Despite the general sufficiency of the time records, a modest number of entries are too vague to be properly evaluated, and others reflect work that is apparently unrelated to this case. Entries that are impermissibly vague include the following:

Date Attorney Activity Description

11/22/06 Mulé Edit & Revise [None Provided] 6/19/09 Dellinger Misc. Re: Status of Case 1/30/06 Mulé Prepare For Fax 9/11/06 Mulé Prepare For Discovery 3/26/09 Mulé Review Documents Court Approval 7/20/09 Mulé Review Documents Notice of Appearance These entries total 3.91 hours spent by Mulé and 1 hour spent by Dellinger. Entries that appear to be unrelated to the instant case include six entries made by Mulé for telephone calls occurring in 2006 on August 2, August 17, September 1 (3 calls) and September 12. These apparently unrelated entries total 2.17 hours spent by Mulé.

C. Excessive and Redundant Hours

Of more significant concern to this Court than the small number of unrelated and vague entries, are the greater number of entries for work that appears excessive and redundant.*fn6

These hours fall within two broad, but related categories: excessive time spent on certain tasks and time spent by multiple attorneys performing duplicative work.

Turning first to the issue of excessive time spent on discrete projects, I begin with an examination of the hours spent preparing the lawsuit. The records reflect that more than eighty hours were expended between November 2005 and May 15, 2006 (the date that the complaint was filed), investigating, researching and filing the complaint. Of course, some of that time was necessarily and properly spent on pre-suit due diligence and legal research. Some of it was appropriately spent on careful drafting and revision of the complaint, which is indeed an exemplary, concise and well-drafted pleading. That said, I still find that the more than eighty hours devoted to pre-filing work -- which included no negotiations or contact with defendant's attorneys -- is unreasonably high.

I also find that the total number of hours spent by plaintiff's attorneys on deposition-related tasks -- approximately ninety-five hours -- is inordinately high.*fn7 While seven depositions of defendant's employees were conducted by plaintiff's counsel, they occurred over the course of only two days. The plaintiff's deposition took slightly more than seven hours spread over two days. In sum, the total number of hours spent by the attorney responsible for conducting and defending the depositions was 21.25 hours. Much of the remaining deposition-related time involved hours spent by multiple attorneys on the same task. For example, two of plaintiff's attorneys attended each of the eight depositions and both charged their time (see entries for 5/27/08, 5/28/08, 6/10/08, 6/16/08), and all three attorneys were involved at various times in the preparation for those depositions, leading to invariable, but unnecessary inefficiencies. See Simmonds, 2008 WL 4303474 at *6 (co-counseling arrangement resulted in both firms' involvement in all aspects of the litigation and the expenditure of excessive hours). In addition, some of the duplication of effort apparently resulted from the need to train and supervise Mulé, a relatively inexperienced litigator, in connection with the depositions he conducted. That such training is crucial does not mean that a paying client, rather than the firm itself, should be expected to absorb the costs of that training. See Rozell v. Ross-Holst, 576 F. Supp. 2d at 539-40 (training costs are "customarily incorporated in a firm's overhead" and should be excluded from the time records). To the extent that counsel chose to have two attorneys attend the depositions for reasons other than to train Mulé, the justification for doing so is not evident from the record or from this Court's familiarity with the case. See Sabatini v. Corning-Painted Post Area Sch. Dist., 190 F. Supp. 2d at 521 ("[w]hile plaintiffs or their attorneys might have preferred to have both [attorneys] in court that day, that does not mean that it was reasonably necessary that they both attend, and presumably either one of them could have argued the motion alone") (emphasis in original).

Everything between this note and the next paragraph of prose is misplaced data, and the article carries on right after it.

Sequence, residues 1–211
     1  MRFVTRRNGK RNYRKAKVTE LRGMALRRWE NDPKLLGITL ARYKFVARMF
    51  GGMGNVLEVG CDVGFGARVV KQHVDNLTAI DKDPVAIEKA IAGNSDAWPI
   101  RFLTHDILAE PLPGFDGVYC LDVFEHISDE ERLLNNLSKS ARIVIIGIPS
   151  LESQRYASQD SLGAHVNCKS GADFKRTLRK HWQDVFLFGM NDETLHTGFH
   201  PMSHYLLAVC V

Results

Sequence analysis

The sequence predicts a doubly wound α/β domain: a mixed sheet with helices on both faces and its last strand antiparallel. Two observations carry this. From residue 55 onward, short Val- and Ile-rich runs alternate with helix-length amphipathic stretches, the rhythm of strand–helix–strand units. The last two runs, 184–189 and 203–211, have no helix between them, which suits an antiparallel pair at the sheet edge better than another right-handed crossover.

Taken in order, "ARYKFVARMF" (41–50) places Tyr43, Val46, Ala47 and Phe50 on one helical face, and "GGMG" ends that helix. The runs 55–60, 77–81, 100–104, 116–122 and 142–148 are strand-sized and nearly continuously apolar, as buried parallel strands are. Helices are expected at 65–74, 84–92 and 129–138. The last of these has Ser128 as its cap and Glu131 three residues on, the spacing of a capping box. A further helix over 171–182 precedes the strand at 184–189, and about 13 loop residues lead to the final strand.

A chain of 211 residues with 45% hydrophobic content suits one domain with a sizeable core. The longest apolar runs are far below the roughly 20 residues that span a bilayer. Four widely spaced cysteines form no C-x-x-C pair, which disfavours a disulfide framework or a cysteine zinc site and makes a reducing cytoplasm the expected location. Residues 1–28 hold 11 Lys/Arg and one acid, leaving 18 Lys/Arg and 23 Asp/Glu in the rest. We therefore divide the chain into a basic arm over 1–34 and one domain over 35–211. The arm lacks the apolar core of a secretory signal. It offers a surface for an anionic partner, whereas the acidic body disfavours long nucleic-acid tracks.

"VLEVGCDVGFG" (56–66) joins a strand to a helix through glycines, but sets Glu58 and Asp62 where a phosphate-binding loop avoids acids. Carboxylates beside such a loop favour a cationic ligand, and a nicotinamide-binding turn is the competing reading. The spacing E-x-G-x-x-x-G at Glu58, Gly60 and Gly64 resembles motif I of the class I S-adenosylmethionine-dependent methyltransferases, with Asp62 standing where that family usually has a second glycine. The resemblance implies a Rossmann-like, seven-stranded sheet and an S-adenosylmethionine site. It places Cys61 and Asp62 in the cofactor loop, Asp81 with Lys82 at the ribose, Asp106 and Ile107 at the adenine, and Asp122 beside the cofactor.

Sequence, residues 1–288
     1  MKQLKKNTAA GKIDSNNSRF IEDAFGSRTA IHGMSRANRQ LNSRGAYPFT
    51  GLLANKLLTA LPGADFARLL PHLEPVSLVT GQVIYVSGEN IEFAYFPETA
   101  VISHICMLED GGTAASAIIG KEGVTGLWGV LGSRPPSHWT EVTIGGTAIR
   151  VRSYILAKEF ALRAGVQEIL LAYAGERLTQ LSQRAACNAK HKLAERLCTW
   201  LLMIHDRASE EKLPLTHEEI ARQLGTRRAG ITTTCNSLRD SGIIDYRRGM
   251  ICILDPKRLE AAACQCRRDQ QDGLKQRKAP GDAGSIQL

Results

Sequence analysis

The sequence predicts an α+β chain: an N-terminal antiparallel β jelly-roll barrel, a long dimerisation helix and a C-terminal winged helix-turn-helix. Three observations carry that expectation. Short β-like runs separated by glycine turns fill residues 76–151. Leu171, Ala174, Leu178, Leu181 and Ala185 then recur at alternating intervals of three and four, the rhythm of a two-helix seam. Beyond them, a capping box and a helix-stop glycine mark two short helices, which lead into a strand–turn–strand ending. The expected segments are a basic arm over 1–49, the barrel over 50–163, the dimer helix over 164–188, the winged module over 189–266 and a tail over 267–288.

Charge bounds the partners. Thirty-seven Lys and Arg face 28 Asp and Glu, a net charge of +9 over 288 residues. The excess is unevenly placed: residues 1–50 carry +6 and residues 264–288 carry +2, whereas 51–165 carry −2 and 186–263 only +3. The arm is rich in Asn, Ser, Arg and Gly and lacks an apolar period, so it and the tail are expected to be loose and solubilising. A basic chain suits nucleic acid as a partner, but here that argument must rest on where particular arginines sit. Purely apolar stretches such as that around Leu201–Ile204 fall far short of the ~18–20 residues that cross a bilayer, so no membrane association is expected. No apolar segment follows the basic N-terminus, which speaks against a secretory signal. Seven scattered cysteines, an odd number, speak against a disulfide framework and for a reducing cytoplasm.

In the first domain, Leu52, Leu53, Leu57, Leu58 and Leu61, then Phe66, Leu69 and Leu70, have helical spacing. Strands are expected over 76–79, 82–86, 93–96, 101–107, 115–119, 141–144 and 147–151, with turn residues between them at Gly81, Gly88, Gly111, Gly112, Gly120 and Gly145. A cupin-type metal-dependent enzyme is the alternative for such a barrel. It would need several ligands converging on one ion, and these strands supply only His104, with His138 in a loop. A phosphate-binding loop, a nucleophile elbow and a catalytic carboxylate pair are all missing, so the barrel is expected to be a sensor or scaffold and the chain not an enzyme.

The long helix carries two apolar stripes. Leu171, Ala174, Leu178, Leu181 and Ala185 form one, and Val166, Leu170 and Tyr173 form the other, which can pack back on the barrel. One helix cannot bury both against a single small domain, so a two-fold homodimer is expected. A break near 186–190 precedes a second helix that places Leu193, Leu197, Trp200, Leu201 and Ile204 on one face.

In a similar vein, the time records reflect time allocated by multiple attorneys to attendance at court conferences. As the docket sheet reflects and this Court recalls, all three of plaintiff's attorneys generally attended all conferences (with one exception on December 4, 2008). While the time records do not include entries by each of the attorneys for all of these appearances, they do include entries for all three on October 24, 2007 and April 29, 2008 and entries for two of them on September 6, 2006, December 14, 2007 and December 4, 2008. Had Mulé alone attended those conferences, his time would amount to $825. Had either Dellinger or Kammholz attended these conferences alone, his time would amount to $1,312.50. Taken together, however, the time charged by all three (calculated using the reasonable hourly rates determined in the previous section) totals $2,700. This is excessive. See Simmonds, 2008 WL 4303474 at *6 ("the district court must account for duplicative or repetitive work to ensure that the . . . fees represent only work that was necessary to the litigation and a cost efficient use of co-counsel and outside counsel") (internal quotation omitted).